A Cayman regulated fund is required to appoint a Cayman-based audit firm and, depending on the time zone of the fund manager and/or the investors, will often appoint a Cayman-based administrator. Cayman domiciled directors of the fund may also be appointed to ensure that the "mind and management" is offshore.
How do things typically unfold? At the outset, it is important to decide whether the fund falls within the regulation of the Cayman Islands Mutual Funds Law and its categorisation under that Law. A traditional open-ended hedge fund will be regulated and will not require a licence but instead will merely have to register certain particulars with the Monetary Authority. The Mutual Funds Law contains a general statutory requirement that the offering document must describe the securities being offered in all material respects and contain such other information as is necessary to enable a prospective investor to make an informed decision whether or not to invest. Cayman counsel will review the draft against this yardstick. The proposed auditors, administrators and directors will also need to review the draft and in most cases the document will go through several drafts before it is in final form.
In parallel with the preparation of the offering memorandum, the fund manager will be negotiating terms with the prime broker, auditors and administrators, deciding with onshore counsel whether separate vehicles (whether onshore or offshore) should be established to act as the investment manager and the investment adviser to the fund, speaking to potential investors, preparing his due diligence information for the onshore and offshore service providers, keeping on top of the various drafts of the offering document and still trying to run his existing onshore fund! The commitment required of the manager should not be under-estimated.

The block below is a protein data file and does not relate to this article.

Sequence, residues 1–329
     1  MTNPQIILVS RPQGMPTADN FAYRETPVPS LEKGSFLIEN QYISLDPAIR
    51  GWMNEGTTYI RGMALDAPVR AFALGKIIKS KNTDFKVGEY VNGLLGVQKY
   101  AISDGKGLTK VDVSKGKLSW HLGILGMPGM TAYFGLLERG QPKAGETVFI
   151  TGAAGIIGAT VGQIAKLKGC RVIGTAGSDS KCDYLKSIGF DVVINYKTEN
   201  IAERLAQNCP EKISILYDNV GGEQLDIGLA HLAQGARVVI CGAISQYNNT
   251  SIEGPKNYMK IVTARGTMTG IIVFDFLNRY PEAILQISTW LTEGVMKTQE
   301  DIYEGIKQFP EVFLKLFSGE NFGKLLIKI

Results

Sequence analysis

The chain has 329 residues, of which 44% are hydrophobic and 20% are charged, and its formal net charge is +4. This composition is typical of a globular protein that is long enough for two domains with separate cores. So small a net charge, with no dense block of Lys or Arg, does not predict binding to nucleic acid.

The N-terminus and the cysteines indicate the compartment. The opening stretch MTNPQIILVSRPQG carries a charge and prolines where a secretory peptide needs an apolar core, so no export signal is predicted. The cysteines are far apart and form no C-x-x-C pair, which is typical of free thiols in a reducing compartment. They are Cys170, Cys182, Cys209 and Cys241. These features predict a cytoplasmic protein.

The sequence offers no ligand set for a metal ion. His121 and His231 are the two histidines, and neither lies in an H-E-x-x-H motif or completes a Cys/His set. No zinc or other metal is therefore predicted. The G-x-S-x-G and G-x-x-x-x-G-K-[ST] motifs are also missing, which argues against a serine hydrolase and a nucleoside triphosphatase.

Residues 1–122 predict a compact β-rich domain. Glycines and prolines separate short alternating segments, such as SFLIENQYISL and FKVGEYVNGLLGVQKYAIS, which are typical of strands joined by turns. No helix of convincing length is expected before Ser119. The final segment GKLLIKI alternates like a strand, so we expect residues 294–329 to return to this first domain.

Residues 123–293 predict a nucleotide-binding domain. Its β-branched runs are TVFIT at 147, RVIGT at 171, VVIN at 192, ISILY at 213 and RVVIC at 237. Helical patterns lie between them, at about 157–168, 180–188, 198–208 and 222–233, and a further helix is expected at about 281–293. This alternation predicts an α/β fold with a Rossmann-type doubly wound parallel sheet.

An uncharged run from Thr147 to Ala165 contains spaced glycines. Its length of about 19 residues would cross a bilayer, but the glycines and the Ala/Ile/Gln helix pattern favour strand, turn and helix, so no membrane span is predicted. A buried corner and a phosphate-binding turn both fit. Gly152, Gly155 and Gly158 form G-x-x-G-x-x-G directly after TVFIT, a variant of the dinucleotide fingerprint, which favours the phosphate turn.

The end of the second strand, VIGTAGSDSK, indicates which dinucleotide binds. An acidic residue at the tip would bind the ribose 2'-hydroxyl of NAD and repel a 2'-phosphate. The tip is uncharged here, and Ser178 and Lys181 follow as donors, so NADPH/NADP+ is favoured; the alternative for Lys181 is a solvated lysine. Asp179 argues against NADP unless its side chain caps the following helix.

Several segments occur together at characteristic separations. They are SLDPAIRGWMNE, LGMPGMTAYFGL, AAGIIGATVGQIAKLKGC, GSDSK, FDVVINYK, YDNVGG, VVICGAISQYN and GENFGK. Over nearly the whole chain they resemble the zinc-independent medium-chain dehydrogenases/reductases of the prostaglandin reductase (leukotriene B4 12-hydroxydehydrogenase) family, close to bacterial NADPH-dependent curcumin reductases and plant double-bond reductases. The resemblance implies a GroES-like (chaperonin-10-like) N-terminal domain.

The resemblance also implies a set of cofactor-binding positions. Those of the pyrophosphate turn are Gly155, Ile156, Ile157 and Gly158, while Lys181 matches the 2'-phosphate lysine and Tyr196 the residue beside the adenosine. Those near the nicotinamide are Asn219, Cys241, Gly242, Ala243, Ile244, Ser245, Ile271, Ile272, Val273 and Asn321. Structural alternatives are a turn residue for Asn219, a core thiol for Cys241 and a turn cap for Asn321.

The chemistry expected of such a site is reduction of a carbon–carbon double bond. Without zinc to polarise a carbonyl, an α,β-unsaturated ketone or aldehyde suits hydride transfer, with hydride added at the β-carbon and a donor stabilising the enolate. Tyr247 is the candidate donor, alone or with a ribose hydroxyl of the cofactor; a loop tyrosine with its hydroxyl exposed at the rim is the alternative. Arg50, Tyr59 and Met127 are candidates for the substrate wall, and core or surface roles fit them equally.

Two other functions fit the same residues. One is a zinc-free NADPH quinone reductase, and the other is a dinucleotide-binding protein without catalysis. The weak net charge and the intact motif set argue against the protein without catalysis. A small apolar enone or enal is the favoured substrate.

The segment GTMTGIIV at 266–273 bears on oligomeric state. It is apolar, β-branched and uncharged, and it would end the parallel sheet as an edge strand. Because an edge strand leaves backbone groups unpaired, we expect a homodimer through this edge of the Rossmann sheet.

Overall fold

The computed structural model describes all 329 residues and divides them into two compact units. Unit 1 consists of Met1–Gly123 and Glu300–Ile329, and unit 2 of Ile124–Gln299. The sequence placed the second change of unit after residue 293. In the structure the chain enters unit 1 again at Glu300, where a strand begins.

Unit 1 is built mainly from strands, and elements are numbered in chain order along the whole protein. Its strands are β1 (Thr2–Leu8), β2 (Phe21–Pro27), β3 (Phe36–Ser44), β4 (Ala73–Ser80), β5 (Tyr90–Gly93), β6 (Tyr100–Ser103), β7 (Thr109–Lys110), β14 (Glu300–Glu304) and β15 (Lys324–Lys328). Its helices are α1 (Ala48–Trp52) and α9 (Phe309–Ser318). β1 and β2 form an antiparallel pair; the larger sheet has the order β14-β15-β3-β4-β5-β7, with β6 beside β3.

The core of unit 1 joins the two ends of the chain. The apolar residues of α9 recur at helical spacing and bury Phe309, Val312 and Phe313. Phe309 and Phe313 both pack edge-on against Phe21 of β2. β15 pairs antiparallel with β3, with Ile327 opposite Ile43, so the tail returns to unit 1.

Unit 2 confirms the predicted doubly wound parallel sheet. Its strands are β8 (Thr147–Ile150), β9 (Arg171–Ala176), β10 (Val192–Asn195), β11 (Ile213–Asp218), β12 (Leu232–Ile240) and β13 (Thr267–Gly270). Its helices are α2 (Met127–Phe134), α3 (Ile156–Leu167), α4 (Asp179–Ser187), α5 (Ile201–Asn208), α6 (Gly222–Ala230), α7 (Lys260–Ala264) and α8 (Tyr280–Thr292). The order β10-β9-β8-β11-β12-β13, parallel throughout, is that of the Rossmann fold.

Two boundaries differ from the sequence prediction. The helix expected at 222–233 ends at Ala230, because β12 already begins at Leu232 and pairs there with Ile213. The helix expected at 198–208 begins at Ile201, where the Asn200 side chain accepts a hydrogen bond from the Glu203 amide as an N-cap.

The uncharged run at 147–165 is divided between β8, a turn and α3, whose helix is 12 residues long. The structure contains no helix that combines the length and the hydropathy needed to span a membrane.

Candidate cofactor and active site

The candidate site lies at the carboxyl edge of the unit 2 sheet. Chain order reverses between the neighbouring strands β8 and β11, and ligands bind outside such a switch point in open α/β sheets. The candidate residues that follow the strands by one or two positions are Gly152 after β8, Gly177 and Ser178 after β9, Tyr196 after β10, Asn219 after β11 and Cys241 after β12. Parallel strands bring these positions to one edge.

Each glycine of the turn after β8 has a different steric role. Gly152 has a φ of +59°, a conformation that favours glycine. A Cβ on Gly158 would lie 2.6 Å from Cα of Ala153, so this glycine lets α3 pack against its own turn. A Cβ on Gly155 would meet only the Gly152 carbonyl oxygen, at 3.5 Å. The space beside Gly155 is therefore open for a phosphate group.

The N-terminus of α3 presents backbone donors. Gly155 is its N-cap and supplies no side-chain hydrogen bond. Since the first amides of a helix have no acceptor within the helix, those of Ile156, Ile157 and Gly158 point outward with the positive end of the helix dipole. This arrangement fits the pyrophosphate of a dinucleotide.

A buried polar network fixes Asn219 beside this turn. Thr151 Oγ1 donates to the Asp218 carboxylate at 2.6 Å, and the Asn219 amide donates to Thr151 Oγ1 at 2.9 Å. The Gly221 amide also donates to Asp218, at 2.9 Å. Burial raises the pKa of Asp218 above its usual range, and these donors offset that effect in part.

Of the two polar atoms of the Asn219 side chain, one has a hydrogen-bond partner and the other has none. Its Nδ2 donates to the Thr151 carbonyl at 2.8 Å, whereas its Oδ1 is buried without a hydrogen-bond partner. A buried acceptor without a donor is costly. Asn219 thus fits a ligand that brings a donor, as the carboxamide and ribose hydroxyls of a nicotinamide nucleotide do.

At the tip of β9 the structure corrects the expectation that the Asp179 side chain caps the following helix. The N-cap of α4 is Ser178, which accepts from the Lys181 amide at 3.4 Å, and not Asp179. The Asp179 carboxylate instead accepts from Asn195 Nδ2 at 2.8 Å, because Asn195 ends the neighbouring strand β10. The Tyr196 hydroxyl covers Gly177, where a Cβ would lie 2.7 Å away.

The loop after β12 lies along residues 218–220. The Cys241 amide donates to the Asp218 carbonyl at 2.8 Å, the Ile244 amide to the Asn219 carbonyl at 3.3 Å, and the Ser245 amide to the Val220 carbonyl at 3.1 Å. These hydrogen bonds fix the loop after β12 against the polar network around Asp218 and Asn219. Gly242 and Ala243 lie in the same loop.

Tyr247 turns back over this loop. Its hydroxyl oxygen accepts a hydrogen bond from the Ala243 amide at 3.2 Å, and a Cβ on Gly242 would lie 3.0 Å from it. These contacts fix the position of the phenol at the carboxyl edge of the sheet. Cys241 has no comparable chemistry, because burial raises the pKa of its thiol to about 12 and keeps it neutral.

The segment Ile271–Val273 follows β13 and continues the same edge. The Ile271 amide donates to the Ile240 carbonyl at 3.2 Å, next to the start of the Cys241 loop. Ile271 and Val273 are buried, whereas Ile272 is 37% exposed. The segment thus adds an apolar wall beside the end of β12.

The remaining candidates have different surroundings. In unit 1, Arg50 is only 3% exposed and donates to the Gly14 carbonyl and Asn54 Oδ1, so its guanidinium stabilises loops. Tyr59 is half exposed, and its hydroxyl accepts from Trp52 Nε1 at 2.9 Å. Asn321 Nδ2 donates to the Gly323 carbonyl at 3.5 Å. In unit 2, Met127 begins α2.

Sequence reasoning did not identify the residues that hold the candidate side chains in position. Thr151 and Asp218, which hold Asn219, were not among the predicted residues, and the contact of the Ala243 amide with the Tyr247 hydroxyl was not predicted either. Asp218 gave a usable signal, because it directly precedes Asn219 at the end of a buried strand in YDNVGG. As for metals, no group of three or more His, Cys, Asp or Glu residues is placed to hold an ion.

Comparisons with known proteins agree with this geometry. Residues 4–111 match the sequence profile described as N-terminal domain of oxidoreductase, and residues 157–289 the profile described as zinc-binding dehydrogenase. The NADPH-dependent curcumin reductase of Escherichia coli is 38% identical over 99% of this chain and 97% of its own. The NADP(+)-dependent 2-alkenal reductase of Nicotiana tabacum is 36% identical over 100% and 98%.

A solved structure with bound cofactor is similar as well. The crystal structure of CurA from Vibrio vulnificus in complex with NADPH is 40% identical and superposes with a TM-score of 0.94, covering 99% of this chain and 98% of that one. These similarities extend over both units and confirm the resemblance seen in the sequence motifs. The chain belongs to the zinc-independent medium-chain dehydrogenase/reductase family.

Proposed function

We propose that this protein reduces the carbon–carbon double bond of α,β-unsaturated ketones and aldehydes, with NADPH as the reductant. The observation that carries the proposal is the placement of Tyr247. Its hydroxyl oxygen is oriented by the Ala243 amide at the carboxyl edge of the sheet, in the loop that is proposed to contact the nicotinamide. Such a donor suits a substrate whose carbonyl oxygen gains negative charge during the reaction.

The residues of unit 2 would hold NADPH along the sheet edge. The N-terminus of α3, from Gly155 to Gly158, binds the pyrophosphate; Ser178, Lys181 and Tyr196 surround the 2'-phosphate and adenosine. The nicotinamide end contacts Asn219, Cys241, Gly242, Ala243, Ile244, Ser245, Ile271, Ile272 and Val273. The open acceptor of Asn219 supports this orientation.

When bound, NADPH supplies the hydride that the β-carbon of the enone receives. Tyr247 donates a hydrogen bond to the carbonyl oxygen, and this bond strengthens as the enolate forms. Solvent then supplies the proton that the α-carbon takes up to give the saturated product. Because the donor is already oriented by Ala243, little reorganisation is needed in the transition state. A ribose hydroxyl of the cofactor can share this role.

The lawyers will also be progressing the other principal documents - the constitutional documents for the fund (memorandum and articles of association, limited partnership agreement or trust depending on the type of fund vehicle), investment management, investment advisory, administration and prime broker/custodian agreements.
These 4 to 6 weeks will be a period of sustained activity and commitment. Efficiency and good organisational skills are essential. A week before launch, the various documents will come together in final form, the fund vehicle will be set up, organisational formalities taken care of and the documents signed. It merely remains for Cayman counsel to file registration particulars and supporting documents with the Monetary Authority. Once the fund registration certificate is received from the Monetary Authority, the fund manager may begin receiving subscriptions and trading the fund, at which point, the fund manager will have a properly structured vehicle established in a significantly shorter time and more cost efficiently than would be possible in virtually any other reputable jurisdiction.
The content of this article is intended to provide a general guide to the subject matter. Specialist advice should be sought about your specific circumstances.